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diff --git a/Documentation/lockdep-design.txt b/Documentation/lockdep-design.txt
index abf768c681e..5dbc99c04f6 100644
--- a/Documentation/lockdep-design.txt
+++ b/Documentation/lockdep-design.txt
@@ -221,3 +221,66 @@ when the chain is validated for the first time, is then put into a hash
table, which hash-table can be checked in a lockfree manner. If the
locking chain occurs again later on, the hash table tells us that we
dont have to validate the chain again.
+
+Troubleshooting:
+----------------
+
+The validator tracks a maximum of MAX_LOCKDEP_KEYS number of lock classes.
+Exceeding this number will trigger the following lockdep warning:
+
+ (DEBUG_LOCKS_WARN_ON(id >= MAX_LOCKDEP_KEYS))
+
+By default, MAX_LOCKDEP_KEYS is currently set to 8191, and typical
+desktop systems have less than 1,000 lock classes, so this warning
+normally results from lock-class leakage or failure to properly
+initialize locks. These two problems are illustrated below:
+
+1. Repeated module loading and unloading while running the validator
+ will result in lock-class leakage. The issue here is that each
+ load of the module will create a new set of lock classes for
+ that module's locks, but module unloading does not remove old
+ classes (see below discussion of reuse of lock classes for why).
+ Therefore, if that module is loaded and unloaded repeatedly,
+ the number of lock classes will eventually reach the maximum.
+
+2. Using structures such as arrays that have large numbers of
+ locks that are not explicitly initialized. For example,
+ a hash table with 8192 buckets where each bucket has its own
+ spinlock_t will consume 8192 lock classes -unless- each spinlock
+ is explicitly initialized at runtime, for example, using the
+ run-time spin_lock_init() as opposed to compile-time initializers
+ such as __SPIN_LOCK_UNLOCKED(). Failure to properly initialize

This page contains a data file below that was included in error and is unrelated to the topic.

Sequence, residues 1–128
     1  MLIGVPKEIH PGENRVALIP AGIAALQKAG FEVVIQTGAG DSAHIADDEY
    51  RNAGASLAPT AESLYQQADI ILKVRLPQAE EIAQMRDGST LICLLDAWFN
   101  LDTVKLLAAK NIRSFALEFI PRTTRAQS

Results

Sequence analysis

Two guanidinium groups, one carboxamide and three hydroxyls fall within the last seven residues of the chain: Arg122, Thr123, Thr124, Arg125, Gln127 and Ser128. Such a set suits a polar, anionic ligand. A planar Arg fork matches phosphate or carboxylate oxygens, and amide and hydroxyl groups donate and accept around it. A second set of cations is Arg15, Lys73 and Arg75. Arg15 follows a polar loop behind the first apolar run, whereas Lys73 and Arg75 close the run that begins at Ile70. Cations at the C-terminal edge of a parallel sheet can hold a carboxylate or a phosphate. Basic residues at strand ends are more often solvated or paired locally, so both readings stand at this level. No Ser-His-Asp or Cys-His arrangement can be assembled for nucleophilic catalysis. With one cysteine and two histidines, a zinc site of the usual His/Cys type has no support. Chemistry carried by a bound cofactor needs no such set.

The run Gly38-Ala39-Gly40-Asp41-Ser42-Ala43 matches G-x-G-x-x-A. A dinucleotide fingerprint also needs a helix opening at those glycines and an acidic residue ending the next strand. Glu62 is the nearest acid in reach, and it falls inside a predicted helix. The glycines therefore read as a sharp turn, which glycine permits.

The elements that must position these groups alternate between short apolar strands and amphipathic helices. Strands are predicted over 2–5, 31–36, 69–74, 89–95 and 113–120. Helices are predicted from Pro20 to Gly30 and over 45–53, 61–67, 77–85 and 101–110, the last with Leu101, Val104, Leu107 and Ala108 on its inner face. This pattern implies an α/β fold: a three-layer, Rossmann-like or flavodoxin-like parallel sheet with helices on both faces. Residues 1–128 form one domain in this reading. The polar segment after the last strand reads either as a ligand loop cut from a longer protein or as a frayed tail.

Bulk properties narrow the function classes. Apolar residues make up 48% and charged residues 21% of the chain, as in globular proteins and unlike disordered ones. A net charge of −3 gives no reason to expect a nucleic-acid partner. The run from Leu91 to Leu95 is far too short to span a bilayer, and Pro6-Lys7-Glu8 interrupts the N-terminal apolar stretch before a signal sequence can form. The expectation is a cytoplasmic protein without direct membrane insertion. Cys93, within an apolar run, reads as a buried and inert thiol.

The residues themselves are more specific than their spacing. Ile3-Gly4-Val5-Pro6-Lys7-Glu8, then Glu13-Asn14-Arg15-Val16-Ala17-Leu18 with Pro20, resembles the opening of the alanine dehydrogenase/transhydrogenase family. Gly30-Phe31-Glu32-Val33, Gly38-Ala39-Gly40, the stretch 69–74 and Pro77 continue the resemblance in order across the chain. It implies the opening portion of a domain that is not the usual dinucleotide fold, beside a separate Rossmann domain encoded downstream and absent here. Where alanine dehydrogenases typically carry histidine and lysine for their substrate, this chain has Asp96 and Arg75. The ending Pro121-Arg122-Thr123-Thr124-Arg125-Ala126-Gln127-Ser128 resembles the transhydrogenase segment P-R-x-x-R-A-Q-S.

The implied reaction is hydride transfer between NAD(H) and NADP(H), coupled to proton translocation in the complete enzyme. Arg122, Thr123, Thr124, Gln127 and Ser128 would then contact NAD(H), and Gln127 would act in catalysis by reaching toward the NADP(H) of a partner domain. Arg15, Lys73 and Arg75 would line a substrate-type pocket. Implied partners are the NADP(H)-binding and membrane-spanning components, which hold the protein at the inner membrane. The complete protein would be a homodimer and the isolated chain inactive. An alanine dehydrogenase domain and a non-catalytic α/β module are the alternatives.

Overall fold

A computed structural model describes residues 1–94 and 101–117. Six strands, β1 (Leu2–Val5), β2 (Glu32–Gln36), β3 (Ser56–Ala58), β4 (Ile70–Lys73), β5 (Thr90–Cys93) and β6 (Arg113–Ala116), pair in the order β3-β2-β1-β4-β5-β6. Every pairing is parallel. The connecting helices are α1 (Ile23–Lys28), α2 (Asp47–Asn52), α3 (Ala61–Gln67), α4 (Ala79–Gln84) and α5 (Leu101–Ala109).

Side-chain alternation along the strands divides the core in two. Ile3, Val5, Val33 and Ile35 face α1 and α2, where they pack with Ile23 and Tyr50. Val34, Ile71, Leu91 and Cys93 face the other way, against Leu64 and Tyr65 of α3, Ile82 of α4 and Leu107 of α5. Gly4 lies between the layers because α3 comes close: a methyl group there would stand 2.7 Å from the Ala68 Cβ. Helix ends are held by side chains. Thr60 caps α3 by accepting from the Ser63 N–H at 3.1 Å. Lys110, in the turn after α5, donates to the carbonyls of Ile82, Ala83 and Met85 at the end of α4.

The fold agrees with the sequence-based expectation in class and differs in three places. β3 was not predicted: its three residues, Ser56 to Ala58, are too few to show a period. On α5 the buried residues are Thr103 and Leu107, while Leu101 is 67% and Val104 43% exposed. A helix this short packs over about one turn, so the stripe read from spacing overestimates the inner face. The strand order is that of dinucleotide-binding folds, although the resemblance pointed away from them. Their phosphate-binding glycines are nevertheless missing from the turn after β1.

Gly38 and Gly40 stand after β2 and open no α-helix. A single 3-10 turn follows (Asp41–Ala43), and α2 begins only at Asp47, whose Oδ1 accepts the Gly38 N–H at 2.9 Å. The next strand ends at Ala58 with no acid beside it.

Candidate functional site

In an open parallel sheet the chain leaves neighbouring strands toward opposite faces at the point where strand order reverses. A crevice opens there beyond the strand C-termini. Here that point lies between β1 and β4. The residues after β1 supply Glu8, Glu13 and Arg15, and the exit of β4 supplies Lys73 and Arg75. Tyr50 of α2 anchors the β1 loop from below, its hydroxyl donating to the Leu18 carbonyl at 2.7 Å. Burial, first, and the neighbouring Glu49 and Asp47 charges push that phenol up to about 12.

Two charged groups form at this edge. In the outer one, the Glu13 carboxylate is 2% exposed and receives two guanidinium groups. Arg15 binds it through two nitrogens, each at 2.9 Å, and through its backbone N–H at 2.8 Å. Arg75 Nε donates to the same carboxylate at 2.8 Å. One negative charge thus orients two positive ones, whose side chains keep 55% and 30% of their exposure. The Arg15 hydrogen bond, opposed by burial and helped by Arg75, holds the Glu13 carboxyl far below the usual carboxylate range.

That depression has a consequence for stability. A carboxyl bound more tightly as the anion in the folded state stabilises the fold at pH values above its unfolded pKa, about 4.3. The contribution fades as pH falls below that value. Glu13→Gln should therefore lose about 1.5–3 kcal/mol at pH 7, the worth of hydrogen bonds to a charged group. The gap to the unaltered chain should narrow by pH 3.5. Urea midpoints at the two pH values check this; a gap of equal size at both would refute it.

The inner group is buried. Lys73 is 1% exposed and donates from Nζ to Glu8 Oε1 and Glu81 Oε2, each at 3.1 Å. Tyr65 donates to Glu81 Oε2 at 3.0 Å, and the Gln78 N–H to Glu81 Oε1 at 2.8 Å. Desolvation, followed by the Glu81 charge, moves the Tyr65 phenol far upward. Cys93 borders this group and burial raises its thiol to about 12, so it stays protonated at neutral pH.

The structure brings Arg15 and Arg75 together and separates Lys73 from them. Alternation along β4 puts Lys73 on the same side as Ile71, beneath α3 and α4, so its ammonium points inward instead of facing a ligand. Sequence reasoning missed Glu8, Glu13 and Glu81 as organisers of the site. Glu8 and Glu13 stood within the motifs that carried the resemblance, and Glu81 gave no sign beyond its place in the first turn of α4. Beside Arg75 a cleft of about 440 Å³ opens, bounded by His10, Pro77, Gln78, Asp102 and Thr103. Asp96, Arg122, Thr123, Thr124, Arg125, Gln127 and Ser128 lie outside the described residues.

+ the per-bucket spinlocks would guarantee lock-class overflow.
+ In contrast, a loop that called spin_lock_init() on each lock
+ would place all 8192 locks into a single lock class.
+
+ The moral of this story is that you should always explicitly
+ initialize your locks.
+
+One might argue that the validator should be modified to allow
+lock classes to be reused. However, if you are tempted to make this
+argument, first review the code and think through the changes that would
+be required, keeping in mind that the lock classes to be removed are
+likely to be linked into the lock-dependency graph. This turns out to
+be harder to do than to say.
+
+Of course, if you do run out of lock classes, the next thing to do is
+to find the offending lock classes. First, the following command gives
+you the number of lock classes currently in use along with the maximum:
+
+ grep "lock-classes" /proc/lockdep_stats
+
+This command produces the following output on a modest system:
+
+ lock-classes: 748 [max: 8191]
+
+If the number allocated (748 above) increases continually over time,
+then there is likely a leak. The following command can be used to
+identify the leaking lock classes:
+
+ grep "BD" /proc/lockdep
+
+Run the command and save the output, then compare against the output from
+a later run of this command to identify the leakers. This same output
+can also help you find situations where runtime lock initialization has
+been omitted.